Habakkuk. Major of the Minors.

The last few months have been marked by a lot of change… most of it not what we hoped for. We are at a time of much uncertainty, and an apparent turning away from the principles and morals that have guided us as a people and a nation over the years. In the secular world, this shouldn’t be too surprising.

Our trend is toward  violence and a loss of value of human life. Freud claimed there were two forces at work in the psyche, the Libidinal, or life drive, and the Thanos, or death drive. The Apostle Paul said that there were two wills at war within him:  the old nature that was Hell-bent and the new nature that yearned for God. It was so powerful that Paul said he had to put it to death daily. Sadly, more and more people are choosing not to fight. If they are not partaking in the self-destruction, they are trying to find scapegoats rather than address the human condition.

In the nation of Judah, sometime around 621 BC, a temple prophet named Habakkuk was complaining to God about this very same state of soul within his nation. He was asking God one of those questions that has the potential, when answered, to make you wish you hadn’t asked.

He asks God the same question my oldest put to me last week:  “Why does God allow evil to go on?”  Answer:  really complicated.  I’m tempted to say, “go ask Mom”–just kidding.  God has a plan that is bigger than our understanding of the times that we’re in.  His ultimate goal is to bless His people, but sometimes He has to remind them that they need Him.

At the beginning of chapter one, Habakkuk is impatient for justice because all around him, he sees corrupt leadership and the wicked prospering.  God has a plan.  Oddly enough, that plan involves the Babylonians.  If we were looking for an analogy for the use of the Babylonians as a disciplinary tool, they are about one step short of God hitting the reset button.  They aren’t the nuclear option, but they’re no slap on the wrist.  After conquering a country, they would take the leadership as slaves back to Babylon with fishing hooks through their noses.  The people that were left in the land would be displaced and moved to a part of the country they weren’t familiar with so there was no sense of place or permanence, and all the wealth of the land would go to Babylon.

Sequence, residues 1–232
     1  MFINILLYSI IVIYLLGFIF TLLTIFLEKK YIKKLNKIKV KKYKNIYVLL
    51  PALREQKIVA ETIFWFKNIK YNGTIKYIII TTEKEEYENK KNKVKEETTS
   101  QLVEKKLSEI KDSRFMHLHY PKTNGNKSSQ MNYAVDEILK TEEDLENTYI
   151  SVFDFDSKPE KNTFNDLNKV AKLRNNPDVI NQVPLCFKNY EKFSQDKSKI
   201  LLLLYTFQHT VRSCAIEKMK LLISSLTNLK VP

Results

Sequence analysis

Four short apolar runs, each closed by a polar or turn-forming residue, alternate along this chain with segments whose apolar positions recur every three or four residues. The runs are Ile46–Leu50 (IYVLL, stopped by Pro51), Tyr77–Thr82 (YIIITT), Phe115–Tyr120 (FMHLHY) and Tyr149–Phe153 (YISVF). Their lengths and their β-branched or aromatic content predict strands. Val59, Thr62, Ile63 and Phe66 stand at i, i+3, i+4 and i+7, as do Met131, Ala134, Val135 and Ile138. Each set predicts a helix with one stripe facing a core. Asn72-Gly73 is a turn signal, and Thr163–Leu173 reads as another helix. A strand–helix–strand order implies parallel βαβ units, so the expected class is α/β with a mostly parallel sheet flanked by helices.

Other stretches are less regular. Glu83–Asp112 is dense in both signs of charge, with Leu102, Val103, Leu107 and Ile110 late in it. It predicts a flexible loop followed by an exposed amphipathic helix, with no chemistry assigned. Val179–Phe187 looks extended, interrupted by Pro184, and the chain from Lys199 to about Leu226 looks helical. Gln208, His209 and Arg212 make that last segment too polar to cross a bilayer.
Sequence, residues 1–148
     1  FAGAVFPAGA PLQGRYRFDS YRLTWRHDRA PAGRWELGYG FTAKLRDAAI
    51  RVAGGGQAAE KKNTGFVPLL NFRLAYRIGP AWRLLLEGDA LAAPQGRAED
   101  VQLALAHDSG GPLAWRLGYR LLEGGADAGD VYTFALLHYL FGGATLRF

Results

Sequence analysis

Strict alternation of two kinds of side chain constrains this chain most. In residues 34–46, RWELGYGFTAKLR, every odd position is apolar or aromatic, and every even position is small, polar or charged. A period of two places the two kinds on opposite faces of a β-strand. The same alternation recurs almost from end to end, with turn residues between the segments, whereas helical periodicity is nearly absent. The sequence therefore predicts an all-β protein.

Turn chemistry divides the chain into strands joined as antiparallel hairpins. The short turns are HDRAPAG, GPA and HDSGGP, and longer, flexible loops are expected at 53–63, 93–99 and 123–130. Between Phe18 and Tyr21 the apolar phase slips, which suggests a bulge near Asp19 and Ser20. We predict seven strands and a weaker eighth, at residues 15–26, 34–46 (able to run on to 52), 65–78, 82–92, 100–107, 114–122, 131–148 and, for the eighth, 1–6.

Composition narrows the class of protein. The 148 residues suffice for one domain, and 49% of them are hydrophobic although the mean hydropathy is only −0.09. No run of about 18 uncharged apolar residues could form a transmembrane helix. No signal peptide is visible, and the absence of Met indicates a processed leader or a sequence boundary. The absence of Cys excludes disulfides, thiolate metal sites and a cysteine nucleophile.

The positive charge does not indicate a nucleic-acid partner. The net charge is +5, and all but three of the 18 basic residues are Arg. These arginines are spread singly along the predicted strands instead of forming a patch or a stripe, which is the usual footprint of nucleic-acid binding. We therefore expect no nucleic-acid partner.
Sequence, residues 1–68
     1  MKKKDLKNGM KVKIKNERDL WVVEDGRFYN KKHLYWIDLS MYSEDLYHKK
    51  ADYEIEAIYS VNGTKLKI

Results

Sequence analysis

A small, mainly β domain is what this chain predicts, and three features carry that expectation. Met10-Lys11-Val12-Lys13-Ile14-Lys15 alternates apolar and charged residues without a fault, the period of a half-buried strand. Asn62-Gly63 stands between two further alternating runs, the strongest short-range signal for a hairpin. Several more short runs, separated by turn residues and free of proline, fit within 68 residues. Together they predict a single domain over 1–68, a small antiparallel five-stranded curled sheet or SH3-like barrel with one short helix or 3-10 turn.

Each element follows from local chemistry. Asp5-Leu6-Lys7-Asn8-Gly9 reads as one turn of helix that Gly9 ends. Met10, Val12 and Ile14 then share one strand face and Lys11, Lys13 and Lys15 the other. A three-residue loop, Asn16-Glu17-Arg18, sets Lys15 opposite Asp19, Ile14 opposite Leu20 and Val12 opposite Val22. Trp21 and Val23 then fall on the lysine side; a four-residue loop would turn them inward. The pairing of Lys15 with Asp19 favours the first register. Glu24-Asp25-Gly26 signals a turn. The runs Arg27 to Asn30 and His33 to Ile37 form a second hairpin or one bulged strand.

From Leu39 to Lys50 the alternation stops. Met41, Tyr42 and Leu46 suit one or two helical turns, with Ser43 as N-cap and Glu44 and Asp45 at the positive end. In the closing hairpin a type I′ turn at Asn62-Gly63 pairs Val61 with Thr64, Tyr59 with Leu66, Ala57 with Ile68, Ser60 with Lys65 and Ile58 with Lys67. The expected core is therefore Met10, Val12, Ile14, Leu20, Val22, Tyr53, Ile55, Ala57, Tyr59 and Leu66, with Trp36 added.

In chapter 1 verse 12, Habakkuk asks God, “You what?  With whom?  I know how bad I said we were, but these are idolaters–where’s Your mercy for Your chosen people?”  In Habakkuk 2:2,3 God lays out His plan.  He tells Habakkuk “you’re going to have to be patient.  I know they’re idolators, I know they’re bad.  In due time, their wicked deeds will be visited back on them.”  In the following verses, he describes Nebuchanezzar’s pride and Belshazzar’s drunken carousing.  With eerie accuracy, God describes the end of the Babylonian empire and the yet unwritten future of His people.

In chapter two, God gives Habakkuk two pieces of reassurance.  In 2:4, he tells Habakkuk, “My righteous one shall live by faith.”  This verse is so important that it is quoted in Romans 1:17, Galatians 3:11, and Hebrews 10:37.  The idea being that no matter what was going on, the righteous live by their trust in God, not mankind or circumstance.  The final bit of reassurance He gives him is in verse 20:  “the LORD is in His holy temple, let all the earth be silent before Him.”

Habakkuk wraps up with a prayer of praise which puts any Hollywood depiction of the power of God to shame.  If Hollywood tried to recreate the prayer, they would exhaust their budget.  The scope is unimaginable.  God is crushing the evil and shooting out rays of light. He is riding down His enemies in a vengeance ride that would put Wyatt Earp to shame.

Habakkuk ends the prayer in verses 16-19 in a way that sounds right up to date with our day.  He says he will wait patiently for the LORD’s justice to be fulfilled even if things seem bleak.  In verse 18, he says, “Yet I will rejoice in the LORD.  I will be joyful in God my Savior.”  In verse 19, he reminds us of who should be in our driver’s seat:  “The sovereign LORD is my strength.  He makes my feet like the feet of the deer, He enables me to go on the heights.”  This reminds me of a very literal translation of one of my favorite verses, Isaiah 40:31:  “They that bind themselves to the LORD will have their strength renewed.  They will soar with wings as eagles, they will run and not tire, they will walk and not grow faint.”